New baseball complex proposed for county: Facility is long overdue, its proponents say
The creation of a new baseball facility for the county was discussed at Tuesday’s board of supervisors meeting.
Among items also reviewed Tuesday were possible construction of an addition to the Lincoln County Veterans Memorial, final approval of vendor bids for the county and an update from the Brookhaven-Lincoln County Chamber of Commerce.
The proposed baseball facility would have five lighted fields, five batting cages, a two-story concession stand with a press box area and bathrooms, two covered pavilions and a parking area.
The facility would be located on Lincoln County property between the Lincoln Civic Center and the Hansel King Sports Complex.
Baseball Facility Concept Marketing Team Chaiman Dustin Walker expressed enthusiasm for the proposal. “I’m pretty passionate about this,” he said. “This is a way to give back to the community, to my own kids as well. We are looking for your feedback. Then we will determine where to go from there, and how to proceed,” Walker told the board.
Lincoln Civic Center representatives Quinn Jordan and William Kimble, also with the Baseball Facility Concept Marketing Team, said the proposed complex could hold up to 20,000 spectators.
According to a handout provided by Walker at the board meeting, current facilities and fields do not meet the minimum requirements to host quality league play or travel ball tournament play. Also, existing facilities are spread out throughout the city and are in need of repair.
The handout also stated that the A.L. Lott fields were designed for softball play and the Keystone Park fields are located in an industrial development area with close proximity to railway access.
With an acceptable offer, the land that includes the three Keystone fields could potentially be sold by the county for economic development purposes, the handout noted. This, in turn, could lead to job creation and revenue for the county, said Chancery Clerk Tilmon Bishop.
“Jobs, that’s No. 1. Cost will be another factor. But it’s a really good idea, and it’s a good place to put it. Baseball is almost begging to be played here,” said Chancery Clerk Tilmon Bishop.
Citing the fact there are very few similar baseball facilities anywhere from Jackson to New Orleans, Walker believes a centrally located park would be of service to the community.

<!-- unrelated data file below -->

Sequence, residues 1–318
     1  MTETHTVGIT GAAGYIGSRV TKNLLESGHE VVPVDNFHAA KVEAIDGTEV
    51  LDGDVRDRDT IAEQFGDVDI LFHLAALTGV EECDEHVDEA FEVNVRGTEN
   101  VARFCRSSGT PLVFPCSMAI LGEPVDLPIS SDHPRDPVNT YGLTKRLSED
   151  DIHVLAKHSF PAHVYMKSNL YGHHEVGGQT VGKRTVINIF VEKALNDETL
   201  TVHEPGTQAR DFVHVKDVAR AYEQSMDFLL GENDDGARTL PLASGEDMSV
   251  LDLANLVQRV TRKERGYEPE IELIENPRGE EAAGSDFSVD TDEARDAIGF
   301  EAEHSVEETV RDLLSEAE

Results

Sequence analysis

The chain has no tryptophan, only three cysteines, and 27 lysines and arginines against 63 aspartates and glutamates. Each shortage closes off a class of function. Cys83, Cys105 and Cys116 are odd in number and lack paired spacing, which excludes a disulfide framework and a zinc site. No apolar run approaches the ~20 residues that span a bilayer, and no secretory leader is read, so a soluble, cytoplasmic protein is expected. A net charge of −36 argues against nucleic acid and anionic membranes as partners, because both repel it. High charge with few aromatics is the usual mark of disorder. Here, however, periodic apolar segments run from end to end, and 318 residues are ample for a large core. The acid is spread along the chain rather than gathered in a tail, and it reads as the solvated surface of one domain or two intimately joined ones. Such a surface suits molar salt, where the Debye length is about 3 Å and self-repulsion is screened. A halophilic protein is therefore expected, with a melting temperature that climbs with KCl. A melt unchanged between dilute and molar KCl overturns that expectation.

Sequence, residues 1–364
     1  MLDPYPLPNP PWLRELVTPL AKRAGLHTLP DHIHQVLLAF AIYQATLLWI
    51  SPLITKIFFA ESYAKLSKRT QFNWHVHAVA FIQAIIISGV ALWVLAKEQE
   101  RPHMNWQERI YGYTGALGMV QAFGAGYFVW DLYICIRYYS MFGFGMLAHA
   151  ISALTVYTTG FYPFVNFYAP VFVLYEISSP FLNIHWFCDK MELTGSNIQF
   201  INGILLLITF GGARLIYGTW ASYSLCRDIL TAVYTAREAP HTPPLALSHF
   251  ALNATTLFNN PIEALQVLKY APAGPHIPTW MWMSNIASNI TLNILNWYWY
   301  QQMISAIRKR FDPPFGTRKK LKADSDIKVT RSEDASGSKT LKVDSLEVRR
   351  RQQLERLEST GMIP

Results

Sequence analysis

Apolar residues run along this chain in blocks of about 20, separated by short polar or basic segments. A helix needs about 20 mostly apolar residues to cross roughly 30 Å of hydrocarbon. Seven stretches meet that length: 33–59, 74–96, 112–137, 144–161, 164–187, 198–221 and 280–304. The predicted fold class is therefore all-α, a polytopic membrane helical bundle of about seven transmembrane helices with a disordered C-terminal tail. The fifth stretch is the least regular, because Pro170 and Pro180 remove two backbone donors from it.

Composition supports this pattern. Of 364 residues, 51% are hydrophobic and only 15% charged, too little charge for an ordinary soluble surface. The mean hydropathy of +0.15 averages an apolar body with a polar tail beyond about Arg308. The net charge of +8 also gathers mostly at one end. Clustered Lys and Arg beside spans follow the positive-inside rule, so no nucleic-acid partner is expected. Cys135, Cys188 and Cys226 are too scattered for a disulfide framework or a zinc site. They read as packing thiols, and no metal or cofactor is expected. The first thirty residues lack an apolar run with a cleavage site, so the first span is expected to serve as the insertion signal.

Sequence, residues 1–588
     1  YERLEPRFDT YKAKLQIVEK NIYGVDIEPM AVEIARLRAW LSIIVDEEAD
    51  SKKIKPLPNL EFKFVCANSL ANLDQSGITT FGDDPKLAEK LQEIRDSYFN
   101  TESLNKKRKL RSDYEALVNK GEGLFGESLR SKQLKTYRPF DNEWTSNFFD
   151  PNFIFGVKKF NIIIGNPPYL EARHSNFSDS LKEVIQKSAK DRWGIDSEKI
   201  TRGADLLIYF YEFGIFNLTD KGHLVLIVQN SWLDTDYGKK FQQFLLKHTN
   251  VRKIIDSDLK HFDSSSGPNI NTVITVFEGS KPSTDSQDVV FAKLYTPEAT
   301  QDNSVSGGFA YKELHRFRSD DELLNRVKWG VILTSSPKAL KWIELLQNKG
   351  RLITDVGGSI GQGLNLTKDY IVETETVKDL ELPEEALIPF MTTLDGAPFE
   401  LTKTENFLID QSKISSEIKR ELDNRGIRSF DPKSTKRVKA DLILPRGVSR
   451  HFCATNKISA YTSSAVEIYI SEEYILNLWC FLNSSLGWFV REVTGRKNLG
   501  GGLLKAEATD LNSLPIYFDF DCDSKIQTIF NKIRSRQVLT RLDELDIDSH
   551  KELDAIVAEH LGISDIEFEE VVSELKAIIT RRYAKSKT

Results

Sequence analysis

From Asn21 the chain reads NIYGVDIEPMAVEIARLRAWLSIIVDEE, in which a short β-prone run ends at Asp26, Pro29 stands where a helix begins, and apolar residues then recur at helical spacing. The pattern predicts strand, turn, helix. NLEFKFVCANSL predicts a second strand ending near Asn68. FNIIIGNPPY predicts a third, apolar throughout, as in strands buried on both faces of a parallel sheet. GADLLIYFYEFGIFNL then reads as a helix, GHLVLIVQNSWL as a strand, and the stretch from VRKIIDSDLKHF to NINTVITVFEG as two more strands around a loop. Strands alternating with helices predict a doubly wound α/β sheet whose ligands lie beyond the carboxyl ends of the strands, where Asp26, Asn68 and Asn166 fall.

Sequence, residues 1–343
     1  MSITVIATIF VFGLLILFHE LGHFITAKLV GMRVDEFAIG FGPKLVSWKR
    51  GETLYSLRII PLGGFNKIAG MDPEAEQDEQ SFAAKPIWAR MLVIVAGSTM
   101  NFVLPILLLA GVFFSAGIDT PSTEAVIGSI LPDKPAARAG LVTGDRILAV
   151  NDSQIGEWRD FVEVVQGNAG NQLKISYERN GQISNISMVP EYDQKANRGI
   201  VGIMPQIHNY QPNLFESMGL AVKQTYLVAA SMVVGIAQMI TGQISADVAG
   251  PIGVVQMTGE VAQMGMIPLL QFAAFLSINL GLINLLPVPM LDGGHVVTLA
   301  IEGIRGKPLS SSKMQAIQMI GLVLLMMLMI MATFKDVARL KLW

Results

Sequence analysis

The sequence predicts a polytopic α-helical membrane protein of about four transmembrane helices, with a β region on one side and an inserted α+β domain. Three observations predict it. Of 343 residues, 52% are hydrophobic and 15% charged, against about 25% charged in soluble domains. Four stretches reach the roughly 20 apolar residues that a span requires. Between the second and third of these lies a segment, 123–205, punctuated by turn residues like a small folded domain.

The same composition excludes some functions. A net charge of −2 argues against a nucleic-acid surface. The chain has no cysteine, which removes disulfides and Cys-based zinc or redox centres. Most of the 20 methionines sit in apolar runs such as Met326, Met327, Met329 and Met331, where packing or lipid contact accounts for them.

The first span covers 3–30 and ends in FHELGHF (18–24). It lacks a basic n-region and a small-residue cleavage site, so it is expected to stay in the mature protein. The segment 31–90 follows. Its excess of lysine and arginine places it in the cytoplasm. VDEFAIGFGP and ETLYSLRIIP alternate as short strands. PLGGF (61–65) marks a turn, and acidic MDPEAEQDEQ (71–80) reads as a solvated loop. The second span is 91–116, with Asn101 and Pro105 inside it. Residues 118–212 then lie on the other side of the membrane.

“Besides being a healthy activity for kids, sports offers a way for kids to handle diversity, improve health-related issues and develop friendships that last a lifetime,” said Walker.
The possible approval of the facility concept is now under review by the county. Proponents of the complex said if it were approved by the supervisors, construction would likely take 18 to 24 months.
As a follow-up to vendor bidding from last week’s specially called meeting, purchasing clerk Debbie Brent confirmed primary and secondary bid selections by the board. While many of the bid selections reflected the best savings for the county, this wasn’t a determining factor, suggested Chancery Clerk Bishop.
“The lowest bid isn’t always the best bid. We’ve seen in the past where the lower bid actually ends up costing the county more money than it’s worth.”
Additions to the Lincoln County Veterans Memorial are under advisement by the board, after local veterans and Patriot Guard riders, Dell Beal, Derrall Foster and Hervey Littlefield proposed the construction of a brick wall addition to the current memorial, which sits in front of the government complex.
Each brick in the wall would designate a veteran’s service. To get started, the group said 1,142 8-by-8 bricks would need to be purchased. The veterans group appeared before the board to request possible funding for the project.
“I completely support the idea. The only concern I have, and it is a pretty significant one, is space,” Bishop said. “At some point, you are going to run out of space.”
While the board and group of veterans considered solutions to the problem, further considerations will be under advisement until the group attempts to solve the spacing issue.
The board advised the group to contact the city in an effort to divvy up donations to the possible construction project.
Also at Tuesday’s meeting, Brookhaven-Lincoln County Emergency Management Department Director Clifford Galey warned residents in the community to exercise caution when burning refuse such as leaves.
Galey cited dry weather and high winds as ideal conditions for the spread of fire. “There have been five or six fires over the weekend. They are spreading quickly.”
Rankin County issued a burn ban Tuesday. Galey said there are no plans for a similar ban in Lincoln County.
“No ban. We just want to get the word out,” Galey said.
Executive Director of the Brookhaven Lincoln County Chamber of Commerce Garrick Combs appeared before the board as well, to reflect on chamber news for 2013, and to announce upcoming events for the New Year.
Combs, who took over as Executive Director of the Brookhaven Lincoln County Chamber of Commerce in July, characterized his term so far as “extremely busy.”
“We’ve had 15 ribbon-cutting ceremonies and anywhere between 350-400 walk-ins per month. “Brookhaven Day” will be held Tuesday, Jan. 28, in the capitol rotunda from 1-2:30 p.m., Combs noted.
A chamber membership drive will also be held on Feb. 24.